- Methodological complexities make the study of the relationship between diet and disease challenging.
- Researchers are unfortunately not able to establish direct causal links between diet and cancer or establish firm public health recommendations.
- Studies in animals and humans do implicate a state of chronic insulin secretion from excessive sugar intake is conducive to tumor development.
“Is everything we eat associated with cancer?" asked researchers Schoenfeld and Ioannidis somewhat provocatively years ago (American Journal of Clinical Nutrition, 2013). These investigators selected 50 “common ingredients” from “random” cookbook recipes and surprisingly (or perhaps not surprisingly) found that 40 (80%) of those ingredients were linked in the scientific literature to cancer. Researchers had studied gastrointestinal cancers most commonly, but genitourinary, breast, head and neck, lung, and gynecological malignancies as well.
Schoenfeld and loannidis (2013) concluded that most food ingredients “were interpreted by their authors as offering evidence” either for some risk or some benefit even though many single studies (n=264) "highlight implausibly large effects" with weak statistical evidence. Further, they found no standardization of definitions throughout the studies.
The challenges of studying diet and disease
Nutritional epidemiology is the study of the relationship of diet to disease, overall health, and even mortality (Willett and Hu, in Lash et al. Modern Epidemiology, 4th Edition, 2021). Appreciation of the connection of diet to disease goes back at least to Hippocrates (born 460 B.C.), with his book On Regimen. “The complexity of the human diet represents a daunting challenge: Our foods contain literally thousands of specific chemicals,” only some of which are known and quantified. As a result, our exposure to a substance is rarely “present or absent” (Willett and Hu, 2021).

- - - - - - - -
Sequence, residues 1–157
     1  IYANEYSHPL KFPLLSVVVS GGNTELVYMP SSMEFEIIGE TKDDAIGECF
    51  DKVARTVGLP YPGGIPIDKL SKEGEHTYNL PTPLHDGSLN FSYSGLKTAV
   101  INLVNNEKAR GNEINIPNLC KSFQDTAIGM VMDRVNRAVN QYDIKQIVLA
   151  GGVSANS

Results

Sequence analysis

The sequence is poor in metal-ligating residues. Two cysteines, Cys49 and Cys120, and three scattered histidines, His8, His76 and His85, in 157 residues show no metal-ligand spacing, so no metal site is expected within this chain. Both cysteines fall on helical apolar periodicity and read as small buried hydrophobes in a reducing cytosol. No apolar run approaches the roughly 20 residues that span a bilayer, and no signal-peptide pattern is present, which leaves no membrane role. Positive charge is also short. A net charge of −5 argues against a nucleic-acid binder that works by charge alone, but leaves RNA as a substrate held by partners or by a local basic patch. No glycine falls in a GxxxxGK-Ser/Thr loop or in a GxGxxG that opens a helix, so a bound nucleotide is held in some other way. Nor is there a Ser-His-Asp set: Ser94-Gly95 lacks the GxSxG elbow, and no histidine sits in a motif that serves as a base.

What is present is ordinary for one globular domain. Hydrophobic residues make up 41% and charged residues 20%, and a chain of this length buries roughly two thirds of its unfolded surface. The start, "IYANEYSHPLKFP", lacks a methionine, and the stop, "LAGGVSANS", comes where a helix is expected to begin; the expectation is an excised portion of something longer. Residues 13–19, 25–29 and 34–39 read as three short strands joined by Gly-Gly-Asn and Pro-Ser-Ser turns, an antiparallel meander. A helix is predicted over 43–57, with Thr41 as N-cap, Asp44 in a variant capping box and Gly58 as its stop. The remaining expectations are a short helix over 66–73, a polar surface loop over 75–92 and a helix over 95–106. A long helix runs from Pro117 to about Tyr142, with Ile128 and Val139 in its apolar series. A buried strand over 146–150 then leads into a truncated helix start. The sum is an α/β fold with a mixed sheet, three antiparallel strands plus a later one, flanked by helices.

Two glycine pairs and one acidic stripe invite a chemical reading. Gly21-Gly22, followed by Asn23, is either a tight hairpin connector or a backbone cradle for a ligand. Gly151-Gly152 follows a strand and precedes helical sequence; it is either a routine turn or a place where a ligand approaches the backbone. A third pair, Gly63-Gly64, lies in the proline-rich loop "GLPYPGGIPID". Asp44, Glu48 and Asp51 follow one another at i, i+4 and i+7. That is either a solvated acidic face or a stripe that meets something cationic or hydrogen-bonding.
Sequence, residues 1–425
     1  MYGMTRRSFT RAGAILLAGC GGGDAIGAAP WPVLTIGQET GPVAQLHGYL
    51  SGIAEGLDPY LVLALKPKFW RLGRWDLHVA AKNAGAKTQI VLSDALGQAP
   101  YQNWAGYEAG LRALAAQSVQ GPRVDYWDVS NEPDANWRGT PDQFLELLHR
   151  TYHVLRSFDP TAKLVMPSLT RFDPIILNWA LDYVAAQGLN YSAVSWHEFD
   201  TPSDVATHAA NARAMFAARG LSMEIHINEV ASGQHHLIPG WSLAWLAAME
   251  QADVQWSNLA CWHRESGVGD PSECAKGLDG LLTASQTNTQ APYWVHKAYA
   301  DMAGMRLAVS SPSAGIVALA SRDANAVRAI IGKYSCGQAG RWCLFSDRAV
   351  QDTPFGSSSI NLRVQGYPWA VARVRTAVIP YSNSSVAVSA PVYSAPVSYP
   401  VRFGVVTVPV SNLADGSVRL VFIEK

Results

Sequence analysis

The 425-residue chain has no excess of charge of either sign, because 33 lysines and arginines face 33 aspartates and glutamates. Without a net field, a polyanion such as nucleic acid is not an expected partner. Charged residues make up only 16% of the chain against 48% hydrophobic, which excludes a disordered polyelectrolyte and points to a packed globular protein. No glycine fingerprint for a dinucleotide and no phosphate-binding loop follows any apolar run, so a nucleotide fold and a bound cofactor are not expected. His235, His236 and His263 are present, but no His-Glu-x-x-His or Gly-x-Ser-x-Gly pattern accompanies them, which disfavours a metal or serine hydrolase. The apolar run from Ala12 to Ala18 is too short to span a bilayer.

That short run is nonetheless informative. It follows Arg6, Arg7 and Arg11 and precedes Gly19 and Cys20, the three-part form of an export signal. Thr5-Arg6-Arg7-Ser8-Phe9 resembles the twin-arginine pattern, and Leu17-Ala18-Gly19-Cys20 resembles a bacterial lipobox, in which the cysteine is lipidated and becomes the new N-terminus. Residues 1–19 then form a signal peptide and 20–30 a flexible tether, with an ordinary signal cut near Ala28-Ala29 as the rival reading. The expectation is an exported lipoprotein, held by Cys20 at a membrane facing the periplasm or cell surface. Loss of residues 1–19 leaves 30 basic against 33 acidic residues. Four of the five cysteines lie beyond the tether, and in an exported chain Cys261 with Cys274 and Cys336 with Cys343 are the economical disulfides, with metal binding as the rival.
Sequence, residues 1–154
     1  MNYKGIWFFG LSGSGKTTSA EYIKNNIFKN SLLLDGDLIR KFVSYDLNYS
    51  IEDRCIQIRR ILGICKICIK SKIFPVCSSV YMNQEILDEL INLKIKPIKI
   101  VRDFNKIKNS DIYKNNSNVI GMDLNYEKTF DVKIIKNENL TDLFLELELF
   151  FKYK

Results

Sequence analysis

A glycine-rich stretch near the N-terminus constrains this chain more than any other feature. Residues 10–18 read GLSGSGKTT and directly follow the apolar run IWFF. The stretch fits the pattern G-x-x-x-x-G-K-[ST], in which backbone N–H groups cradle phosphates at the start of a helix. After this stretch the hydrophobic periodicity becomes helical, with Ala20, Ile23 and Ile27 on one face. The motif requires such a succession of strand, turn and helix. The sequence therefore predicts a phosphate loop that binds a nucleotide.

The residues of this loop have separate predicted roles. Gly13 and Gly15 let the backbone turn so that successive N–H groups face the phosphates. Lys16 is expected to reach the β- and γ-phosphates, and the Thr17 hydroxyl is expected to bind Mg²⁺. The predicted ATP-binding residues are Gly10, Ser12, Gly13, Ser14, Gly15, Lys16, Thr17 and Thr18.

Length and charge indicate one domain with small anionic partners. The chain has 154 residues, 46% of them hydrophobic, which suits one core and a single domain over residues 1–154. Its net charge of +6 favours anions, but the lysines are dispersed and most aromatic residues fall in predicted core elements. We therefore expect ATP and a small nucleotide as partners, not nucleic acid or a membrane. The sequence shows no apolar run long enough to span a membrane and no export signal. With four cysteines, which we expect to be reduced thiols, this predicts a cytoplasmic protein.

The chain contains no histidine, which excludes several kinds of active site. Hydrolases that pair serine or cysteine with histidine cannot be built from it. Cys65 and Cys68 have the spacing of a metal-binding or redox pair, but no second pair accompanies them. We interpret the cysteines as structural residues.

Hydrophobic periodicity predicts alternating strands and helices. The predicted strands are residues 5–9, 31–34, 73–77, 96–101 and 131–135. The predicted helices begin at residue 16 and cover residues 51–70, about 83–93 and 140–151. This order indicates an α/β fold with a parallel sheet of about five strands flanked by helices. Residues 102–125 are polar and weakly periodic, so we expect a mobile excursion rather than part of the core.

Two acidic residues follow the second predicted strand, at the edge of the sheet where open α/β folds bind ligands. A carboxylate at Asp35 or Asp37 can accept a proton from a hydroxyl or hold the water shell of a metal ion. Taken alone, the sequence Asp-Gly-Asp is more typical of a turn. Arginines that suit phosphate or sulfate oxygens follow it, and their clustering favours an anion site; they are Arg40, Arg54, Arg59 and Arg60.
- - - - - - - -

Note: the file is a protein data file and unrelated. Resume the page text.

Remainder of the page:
Further, there are major methodological problems inherent in nutritional studies that limit the ability to observe any diet-disease or even specifically any diet-cancer link, including an inability to estimate diet intake accurately, rigorously control diet over long periods (Goncalves et al, Annual Review of Cancer Biology, 2019) or even remember what has been eaten. Patients may also deny or exaggerate “dietary misbehavior” as a way of deflecting blame or guilt for becoming ill (Hebert and Miller, American Journal of Clinical Nutrition, 1988).
Nutritional studies may also lead to many false-positive conclusions and even “questionable” research practices, including biases in the design and execution of a study, especially because negative findings are less likely to be published or even “misleadingly interpreted” (Schoenfeld and loannidis, 2013). As a result, Ioannidis and colleagues emphasize that many associations reported could not be replicated and can hardly be translated into public health recommendations (Theodoratou et al, Annual Review of Nutrition, 2017).
Further, there is often “considerable uncertainty” about the timeframe involved between diet exposure and the development of disease. Schoenfeld and loannidis (2013) found in their sample of 36 meta-analyses that some “were often forced to merge data” from studies that had used different exposure times.
Even whether a low-carbohydrate diet is more efficacious for some than a low-fat diet, i.e., the so-called "perpetual diet wars" now raging (Ludwig et al, Cell Metabolism, 2019), may be affected by the length of time that participants are followed. With consideration of total calories expended for these different diets, Allison and colleagues (Ludwig et al, The Journal of Nutrition, 2020) reanalyzed meta-analyses of 29 controlled-feeding studies that spanned a period from 1982 to 2020. Studies varied considerably in duration. The researchers, though acknowledging the possibility of subjects' non-adherence to diet protocols (another major limitation in nutritional research), found that shorter-term studies may be examining different physiological states: longer trials, for example, may allow for “adequate adaptation” whereas shorter-term trials may miss these adaptations and yield conflicting results (Ludwig et al, 2020).